The U.S. Environmental Protection Agency recently ranked Washington state as ninth worst in the nation for wood stove pollution.
For the past 20 years, Washington has had the toughest air quality standards in the nation for wood stoves, furnaces and heaters. Despite that, we still rank in the top 10 of most-polluting states.
Washington’s geography and winter weather affect pollution levelsMountainous terrain, valleys and cold air are a perfect recipe for high levels of
harmful particulate pollution in the winter.
Normally, the air closest to the ground is warmer than the air up high. This allows air pollution like smoke, vehicle exhaust and dust to rise and disperse and pollution doesn’t reach high levels in the air we breathe.
In winter, however, sometimes these conditions are reversed—cold air below and warmer air up high. This is called an inversion. During an inversion, air pollution and smoke (particlulate pollution) become stagnant and don’t move up the air column. The polluted air is trapped close to the ground, in the air we breathe.
Wood smoke is tiny particles of ash and tar. The particles are smaller than 1 micrometer in diameter and are light enough to be carried by air currents. Single smoke particles are too small to be visible, but when there are enough, they form a cloudy haze. We inhale these fine particles deep into our respiratory system and they lodge in our lungs. This is unhealthy for everyone, but is especially harmful to infants, young children, the elderly, and people with asthma, heart or lung disease.
Inversions happen all over the state. Examples of areas more susceptible are Leavenworth and Colville, which are in narrow valleys. Other areas are less obvious, like bowl-shaped areas such as Spokane.
Why wood-smoke pollution mattersSimply put, your health is why it matters. There is no level of exposure to
particulate pollution from wood smoke that is considered safe.
Hundreds of studies show that air pollution causes serious harm, even at levels below federal safety standards.
Particulate pollution causes significant health issues each year in Washington, including:
- 1,100 premature deaths are attributed to particulate pollution - more than twice the number of deaths from automobile accidents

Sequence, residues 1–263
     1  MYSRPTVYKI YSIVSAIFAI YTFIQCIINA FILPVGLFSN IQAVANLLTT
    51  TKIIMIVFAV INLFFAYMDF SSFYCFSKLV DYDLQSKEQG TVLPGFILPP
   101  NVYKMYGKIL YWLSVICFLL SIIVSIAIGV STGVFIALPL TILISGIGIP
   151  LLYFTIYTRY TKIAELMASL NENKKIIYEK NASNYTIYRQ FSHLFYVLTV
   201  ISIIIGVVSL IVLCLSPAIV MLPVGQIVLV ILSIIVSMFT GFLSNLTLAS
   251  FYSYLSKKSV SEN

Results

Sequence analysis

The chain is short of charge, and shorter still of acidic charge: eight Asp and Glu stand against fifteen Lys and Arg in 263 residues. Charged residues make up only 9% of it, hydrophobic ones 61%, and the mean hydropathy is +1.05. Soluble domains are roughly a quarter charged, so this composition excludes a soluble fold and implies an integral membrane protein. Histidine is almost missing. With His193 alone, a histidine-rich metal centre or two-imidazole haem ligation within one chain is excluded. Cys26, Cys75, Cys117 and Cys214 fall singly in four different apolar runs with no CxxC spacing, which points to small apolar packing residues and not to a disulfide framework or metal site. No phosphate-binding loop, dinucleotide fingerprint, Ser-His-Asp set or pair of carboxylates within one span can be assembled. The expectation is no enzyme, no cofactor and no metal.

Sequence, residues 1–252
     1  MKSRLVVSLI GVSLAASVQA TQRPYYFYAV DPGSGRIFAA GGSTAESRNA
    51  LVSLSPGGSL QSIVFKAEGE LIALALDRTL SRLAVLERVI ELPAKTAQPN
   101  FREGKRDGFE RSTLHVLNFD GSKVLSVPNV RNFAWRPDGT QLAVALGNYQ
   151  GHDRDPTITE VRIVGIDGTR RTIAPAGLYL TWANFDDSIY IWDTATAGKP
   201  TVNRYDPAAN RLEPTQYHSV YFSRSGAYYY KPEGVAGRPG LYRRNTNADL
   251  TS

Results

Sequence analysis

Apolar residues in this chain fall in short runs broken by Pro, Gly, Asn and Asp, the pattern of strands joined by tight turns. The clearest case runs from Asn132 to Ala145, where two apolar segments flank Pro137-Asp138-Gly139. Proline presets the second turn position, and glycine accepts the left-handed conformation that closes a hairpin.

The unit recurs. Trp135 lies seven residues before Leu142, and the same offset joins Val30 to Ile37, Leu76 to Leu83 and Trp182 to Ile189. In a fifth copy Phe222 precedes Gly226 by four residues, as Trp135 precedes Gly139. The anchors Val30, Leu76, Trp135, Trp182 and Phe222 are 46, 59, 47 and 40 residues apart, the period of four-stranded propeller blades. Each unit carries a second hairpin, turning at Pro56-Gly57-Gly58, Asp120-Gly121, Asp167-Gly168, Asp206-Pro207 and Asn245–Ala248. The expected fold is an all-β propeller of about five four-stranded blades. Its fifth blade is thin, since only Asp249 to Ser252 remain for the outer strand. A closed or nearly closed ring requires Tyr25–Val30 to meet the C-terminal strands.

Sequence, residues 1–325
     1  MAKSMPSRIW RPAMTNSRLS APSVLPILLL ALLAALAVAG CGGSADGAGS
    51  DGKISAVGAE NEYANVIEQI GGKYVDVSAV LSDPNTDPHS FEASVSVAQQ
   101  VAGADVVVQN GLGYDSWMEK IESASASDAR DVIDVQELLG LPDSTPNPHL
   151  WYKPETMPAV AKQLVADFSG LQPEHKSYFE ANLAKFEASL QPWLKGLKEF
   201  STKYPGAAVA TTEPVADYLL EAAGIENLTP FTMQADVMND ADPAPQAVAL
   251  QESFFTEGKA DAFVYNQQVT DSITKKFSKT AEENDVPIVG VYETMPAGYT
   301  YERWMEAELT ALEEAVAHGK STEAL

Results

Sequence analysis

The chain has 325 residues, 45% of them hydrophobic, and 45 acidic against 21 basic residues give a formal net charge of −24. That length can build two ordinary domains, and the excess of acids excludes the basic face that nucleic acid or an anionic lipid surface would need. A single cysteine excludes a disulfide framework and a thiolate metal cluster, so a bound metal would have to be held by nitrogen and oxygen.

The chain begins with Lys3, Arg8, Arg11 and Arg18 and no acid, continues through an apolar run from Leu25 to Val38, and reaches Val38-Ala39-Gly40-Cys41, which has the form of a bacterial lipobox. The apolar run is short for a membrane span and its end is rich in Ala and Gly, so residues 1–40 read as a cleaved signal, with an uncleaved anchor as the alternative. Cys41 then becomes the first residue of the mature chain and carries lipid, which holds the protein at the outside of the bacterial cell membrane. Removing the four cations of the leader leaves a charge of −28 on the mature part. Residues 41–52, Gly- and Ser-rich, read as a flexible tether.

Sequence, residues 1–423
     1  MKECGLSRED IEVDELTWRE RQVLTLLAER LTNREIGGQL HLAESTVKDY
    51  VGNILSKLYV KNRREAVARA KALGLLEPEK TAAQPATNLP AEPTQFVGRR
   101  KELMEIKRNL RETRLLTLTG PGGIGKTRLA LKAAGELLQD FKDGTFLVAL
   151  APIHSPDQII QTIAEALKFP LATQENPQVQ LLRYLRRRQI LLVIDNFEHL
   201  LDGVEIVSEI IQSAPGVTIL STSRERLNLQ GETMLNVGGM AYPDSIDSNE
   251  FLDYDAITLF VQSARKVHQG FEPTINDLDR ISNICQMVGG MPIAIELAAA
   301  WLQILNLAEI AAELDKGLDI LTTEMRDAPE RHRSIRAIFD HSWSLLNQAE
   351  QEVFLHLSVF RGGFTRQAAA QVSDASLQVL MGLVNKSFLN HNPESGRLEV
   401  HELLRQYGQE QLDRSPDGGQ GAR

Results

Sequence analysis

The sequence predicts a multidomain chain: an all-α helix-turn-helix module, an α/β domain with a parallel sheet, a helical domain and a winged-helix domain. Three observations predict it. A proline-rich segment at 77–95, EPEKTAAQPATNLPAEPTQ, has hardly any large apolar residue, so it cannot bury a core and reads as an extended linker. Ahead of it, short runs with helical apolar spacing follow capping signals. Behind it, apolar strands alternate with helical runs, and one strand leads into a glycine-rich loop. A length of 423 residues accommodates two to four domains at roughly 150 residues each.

- 1,500 heart attacks
- 2,000 cases of acute lung disease and bronchitis
The harm to human health from this air pollutant equates to $200 million in preventable costs each year.
Keep in mind that particulate pollution is just one of the six pollutants regulated by federal air quality standards. There are hundreds of other chemicals emitted into our air that can harm health or our environment, including toxic chemicals such as mercury and benzene.
Population growth and more wood stovesThe population of our state has more than doubled since 1970. Along with the
population increase has come higher numbers of homes heated with wood, and cleaner burning devices are needed.
EPA’s new wood stove standards go into effect in May 2015 and there will be more stringent standards in 2020. These standards reduce the maximum amount of fine particulate pollution allowed for new stoves.
Washington’s Clean Air Act standards already meet EPA’s new 2015 standard, but not the lower 2020 levels. Moving to the 2020 standards will help improve pollution levels in Washington, giving us all healthier air to breathe.
Air monitoring and forecasting
Forecasters watch weather and air quality models closely to identify areas with weather and pollution patterns that will cause air quality to reach unacceptable levels.
Air monitors placed throughout the state provide valuable data about air pollution. Through air monitoring and weather modeling, forecasters are able to identify communities that will experience air pollution problems during inversions, wildfires or other times. If a community has an air pollution problem, a burn ban may be put in place to help keep air pollution at acceptable levels.
Outreach and educationIn addition to monitoring and forecasting, another important component to managing air pollution is outreach and education. Ecology coordinates with local air agencies to implement wood smoke reduction programs.
In 2013-15, Ecology awarded $4 million in grant money to seven communities that are vulnerable to violating national air pollution standards for fine particles. These grants focus on replacing old stoves in low-income households that burn a lot of wood for heat or other purposes.
Despite the success of grants and recycling programs, Ecology estimates that there are more than 200,000 old, high-polluting stoves still in use in the state.